They were all utterly destroyed except for the ring actually. The diary had a huge gaping hole all the way through it. That utterly destroyed it. A diary with a huge gaping hole in it has been utterly destroyed because it can no longer be used. The glass in the locket was described as being punctured - the locket itself was described as being shattered. It was broken and no longer usable as a locket. The cup was mangled - no longer usable as a cup. It was just a mangled piece of metal after being exposed to basilisk venom.

Destruction doesn't always mean the object won't be recognizable for what it was. Sometimes that is the case, but not always. When my mom's car was totaled, it was still recognizable as a car even though the damage was too extensive to be repaired. Out of all the Horcruxes, the ring was the only one that was not completely destroyed in terms of it's original purpose/function. It was still a ring with the band intact so it could still be worn as a ring and the resurrection stone still functioned exactly as it was supposed to. The ring had minor damage with a crack to the stone - that was all the basilisk venom managed to do to it where it completely burned, shattered, or mangled the other objects it came into contact with so extensively that they could no longer be used for their original purpose. The diary was garbage, the locket was shattered, and the cup was nothing but a mangled piece of metal. After exposure to basilisk venom, the ring should have been nothing more than a melted/mangled hunk of metal with a stone embedded in it - but that is not what happened at all. That shows that the ring could never be completely destroyed. At best, one could do some minor damage to a Hallow with something extreme like basilisk venom or fiendfyre.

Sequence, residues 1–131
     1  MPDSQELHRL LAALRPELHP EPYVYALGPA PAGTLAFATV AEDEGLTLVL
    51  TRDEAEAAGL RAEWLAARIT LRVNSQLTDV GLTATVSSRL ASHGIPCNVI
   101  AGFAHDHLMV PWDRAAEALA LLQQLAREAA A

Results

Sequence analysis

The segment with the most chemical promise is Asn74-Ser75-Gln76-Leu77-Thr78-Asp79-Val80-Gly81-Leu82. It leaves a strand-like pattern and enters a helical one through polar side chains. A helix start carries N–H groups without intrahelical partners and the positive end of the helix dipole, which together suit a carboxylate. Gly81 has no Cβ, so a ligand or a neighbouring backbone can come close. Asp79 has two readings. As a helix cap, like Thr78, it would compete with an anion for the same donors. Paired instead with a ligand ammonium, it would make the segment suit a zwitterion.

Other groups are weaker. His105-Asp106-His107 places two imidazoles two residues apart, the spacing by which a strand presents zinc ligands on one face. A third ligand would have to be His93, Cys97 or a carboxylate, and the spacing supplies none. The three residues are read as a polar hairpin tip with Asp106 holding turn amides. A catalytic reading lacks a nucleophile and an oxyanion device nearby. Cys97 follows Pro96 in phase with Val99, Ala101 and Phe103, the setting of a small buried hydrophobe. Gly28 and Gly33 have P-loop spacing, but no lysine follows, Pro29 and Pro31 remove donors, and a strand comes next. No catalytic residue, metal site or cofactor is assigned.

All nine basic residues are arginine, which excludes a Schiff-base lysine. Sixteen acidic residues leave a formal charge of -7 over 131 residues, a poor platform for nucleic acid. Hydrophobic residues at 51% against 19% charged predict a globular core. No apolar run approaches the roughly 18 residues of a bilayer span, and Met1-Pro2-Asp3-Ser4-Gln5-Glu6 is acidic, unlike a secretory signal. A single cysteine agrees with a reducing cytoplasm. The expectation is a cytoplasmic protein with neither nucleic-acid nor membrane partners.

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I don't think so. I think Dumbledore was too mesmerized by the Hallows to outright destroy one. Once he had it in his possession, why would he? I think he considered himself to be its steward, and figured he could keep it and break its power-- just a small way of achieving the goal of becoming Master of Death, by proving himself better (by using it only for good, and planning on its power to die with him) than all the rest of the Wand's owners.